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AMD Pledges Dual-Core Athlon 64 by End of 2005

Microprocessor upstart AMD has pledged to ship a dual-core version of its x64-compatible Athlon 64 chip by the end of 2005, turning up the heat on rival Intel. The announcement comes just a day after Intel released x64-compatible versions of the Pentium 4 microprocessor. Chips based on the x64 platform process data in 64-bit chunks, and can address far more memory than today's 32-bit x86-based designs. However, the retain full compatibility with x86 software.

"Since 1999, we’ve been developing a multi-core strategy in collaboration with our customers," said AMD corporate vice president Marty Seyer, who oversees the Computation Products Group of the company's Microprocessor Business Unit. "Because customer needs drive our innovations, customers will be able to adopt upcoming dual-core AMD64 processor-based systems without disrupting their existing infrastructure. We are committed to introducing straightforward technologies that deliver the best performance."

Dual core microprocessors feature two processor cores in a single chip, giving users most of the benefits and performance of two discrete microprocessors. Although modern operating systems such as Windows XP Professional are designed to support two processors, today, most PCs ship with just a single processor. Dual-core chips will help users economically gain better performance across the board while using such operating systems.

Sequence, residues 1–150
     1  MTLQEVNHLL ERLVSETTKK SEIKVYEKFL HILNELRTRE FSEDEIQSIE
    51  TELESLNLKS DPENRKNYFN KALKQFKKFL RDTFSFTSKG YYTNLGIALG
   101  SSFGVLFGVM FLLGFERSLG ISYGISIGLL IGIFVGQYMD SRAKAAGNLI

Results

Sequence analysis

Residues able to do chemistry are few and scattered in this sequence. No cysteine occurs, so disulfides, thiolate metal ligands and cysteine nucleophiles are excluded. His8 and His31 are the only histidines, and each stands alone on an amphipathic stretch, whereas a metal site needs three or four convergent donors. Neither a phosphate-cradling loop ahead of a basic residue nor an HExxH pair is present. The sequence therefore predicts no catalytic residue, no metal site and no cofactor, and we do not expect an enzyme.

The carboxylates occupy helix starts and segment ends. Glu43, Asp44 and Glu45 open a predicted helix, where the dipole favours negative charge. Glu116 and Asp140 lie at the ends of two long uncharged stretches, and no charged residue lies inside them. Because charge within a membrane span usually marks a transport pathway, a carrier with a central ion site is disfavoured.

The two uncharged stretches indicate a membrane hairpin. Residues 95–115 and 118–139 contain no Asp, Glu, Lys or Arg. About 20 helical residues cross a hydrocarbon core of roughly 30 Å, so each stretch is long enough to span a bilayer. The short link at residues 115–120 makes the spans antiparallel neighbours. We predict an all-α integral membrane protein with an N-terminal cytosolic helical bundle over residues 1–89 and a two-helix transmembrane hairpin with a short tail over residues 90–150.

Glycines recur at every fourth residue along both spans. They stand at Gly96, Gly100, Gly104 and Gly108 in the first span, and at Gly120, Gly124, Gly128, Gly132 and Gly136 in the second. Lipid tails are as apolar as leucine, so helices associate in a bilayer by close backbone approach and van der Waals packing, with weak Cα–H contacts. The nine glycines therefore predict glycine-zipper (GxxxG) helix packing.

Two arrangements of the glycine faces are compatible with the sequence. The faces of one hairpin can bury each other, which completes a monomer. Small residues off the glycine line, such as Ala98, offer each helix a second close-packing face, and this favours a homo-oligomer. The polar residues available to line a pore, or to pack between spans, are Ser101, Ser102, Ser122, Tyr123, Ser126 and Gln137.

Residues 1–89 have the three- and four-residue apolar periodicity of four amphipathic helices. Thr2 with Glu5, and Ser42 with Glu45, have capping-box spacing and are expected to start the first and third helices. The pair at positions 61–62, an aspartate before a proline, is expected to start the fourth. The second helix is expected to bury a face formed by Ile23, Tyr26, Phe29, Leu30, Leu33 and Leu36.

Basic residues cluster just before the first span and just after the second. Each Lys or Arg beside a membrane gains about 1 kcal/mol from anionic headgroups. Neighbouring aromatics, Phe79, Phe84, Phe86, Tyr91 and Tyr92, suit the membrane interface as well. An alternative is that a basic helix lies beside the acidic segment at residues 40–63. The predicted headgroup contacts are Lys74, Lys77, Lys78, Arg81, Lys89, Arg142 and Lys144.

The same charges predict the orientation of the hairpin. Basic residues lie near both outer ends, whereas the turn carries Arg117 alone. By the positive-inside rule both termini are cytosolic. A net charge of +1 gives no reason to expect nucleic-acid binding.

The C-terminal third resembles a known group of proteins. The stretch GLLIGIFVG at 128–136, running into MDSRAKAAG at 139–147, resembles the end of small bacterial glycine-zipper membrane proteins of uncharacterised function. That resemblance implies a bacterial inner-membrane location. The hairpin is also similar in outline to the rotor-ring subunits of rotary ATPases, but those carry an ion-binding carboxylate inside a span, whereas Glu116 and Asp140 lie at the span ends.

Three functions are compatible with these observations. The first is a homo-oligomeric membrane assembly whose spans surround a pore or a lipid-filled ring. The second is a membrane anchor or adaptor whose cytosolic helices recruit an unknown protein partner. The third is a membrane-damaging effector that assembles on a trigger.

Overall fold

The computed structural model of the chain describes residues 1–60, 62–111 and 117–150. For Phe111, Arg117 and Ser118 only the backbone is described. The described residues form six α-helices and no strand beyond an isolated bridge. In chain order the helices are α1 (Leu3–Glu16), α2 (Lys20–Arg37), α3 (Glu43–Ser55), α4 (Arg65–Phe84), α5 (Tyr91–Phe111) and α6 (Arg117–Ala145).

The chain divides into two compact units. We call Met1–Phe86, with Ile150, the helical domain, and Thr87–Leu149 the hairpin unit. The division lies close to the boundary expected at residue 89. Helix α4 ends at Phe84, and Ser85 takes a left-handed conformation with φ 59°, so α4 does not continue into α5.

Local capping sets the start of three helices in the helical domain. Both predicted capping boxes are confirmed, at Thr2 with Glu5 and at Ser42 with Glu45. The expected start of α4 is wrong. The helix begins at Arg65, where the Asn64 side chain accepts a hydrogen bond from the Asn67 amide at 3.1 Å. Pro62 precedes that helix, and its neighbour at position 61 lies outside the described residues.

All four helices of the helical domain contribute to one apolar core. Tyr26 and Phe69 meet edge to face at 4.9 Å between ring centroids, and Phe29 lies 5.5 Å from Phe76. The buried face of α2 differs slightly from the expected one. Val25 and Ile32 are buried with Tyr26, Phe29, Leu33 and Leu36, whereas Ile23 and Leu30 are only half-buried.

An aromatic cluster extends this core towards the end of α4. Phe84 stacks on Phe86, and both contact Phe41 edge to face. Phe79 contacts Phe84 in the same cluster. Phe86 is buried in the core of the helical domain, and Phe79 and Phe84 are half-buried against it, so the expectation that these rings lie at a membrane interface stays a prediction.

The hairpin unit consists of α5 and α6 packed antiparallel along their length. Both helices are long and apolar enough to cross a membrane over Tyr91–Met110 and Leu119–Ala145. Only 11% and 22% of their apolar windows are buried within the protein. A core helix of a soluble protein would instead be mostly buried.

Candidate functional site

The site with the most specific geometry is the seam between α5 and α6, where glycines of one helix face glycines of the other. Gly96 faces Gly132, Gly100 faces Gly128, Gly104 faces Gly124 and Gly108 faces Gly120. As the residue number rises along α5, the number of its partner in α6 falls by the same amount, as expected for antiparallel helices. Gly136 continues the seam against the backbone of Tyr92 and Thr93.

Previously, AMD had shown off dual-core versions of its high-end Opteron microprocessor, which is also x64-compatible. At Linux World Boston last week, the company demonstrated server systems utilizing four dual-core Opteron chips. Dual-core Opteron chips will ship by mid-2005, AMD says.

However, the dual-core Athlon 64 is potentially more significant, because those chips ship in huge volumes to consumers in mainstream PCs. AMD's dual core Athlon 64, code-named Toledo, will ship in the second half of 2005. However, that time period is roughly 4 to six months after Intel plans to release dual-core versions of the Pentium 4. Beating AMD to market is key for Intel: It faltered on x64 compatibility and only belatedly announced support for the technology a year ago. During the intervening time period, AMD has won accolades for its trend-setting work making the x86 platform compatible with 64-bit technology and ushering in the next major computer technology migration.

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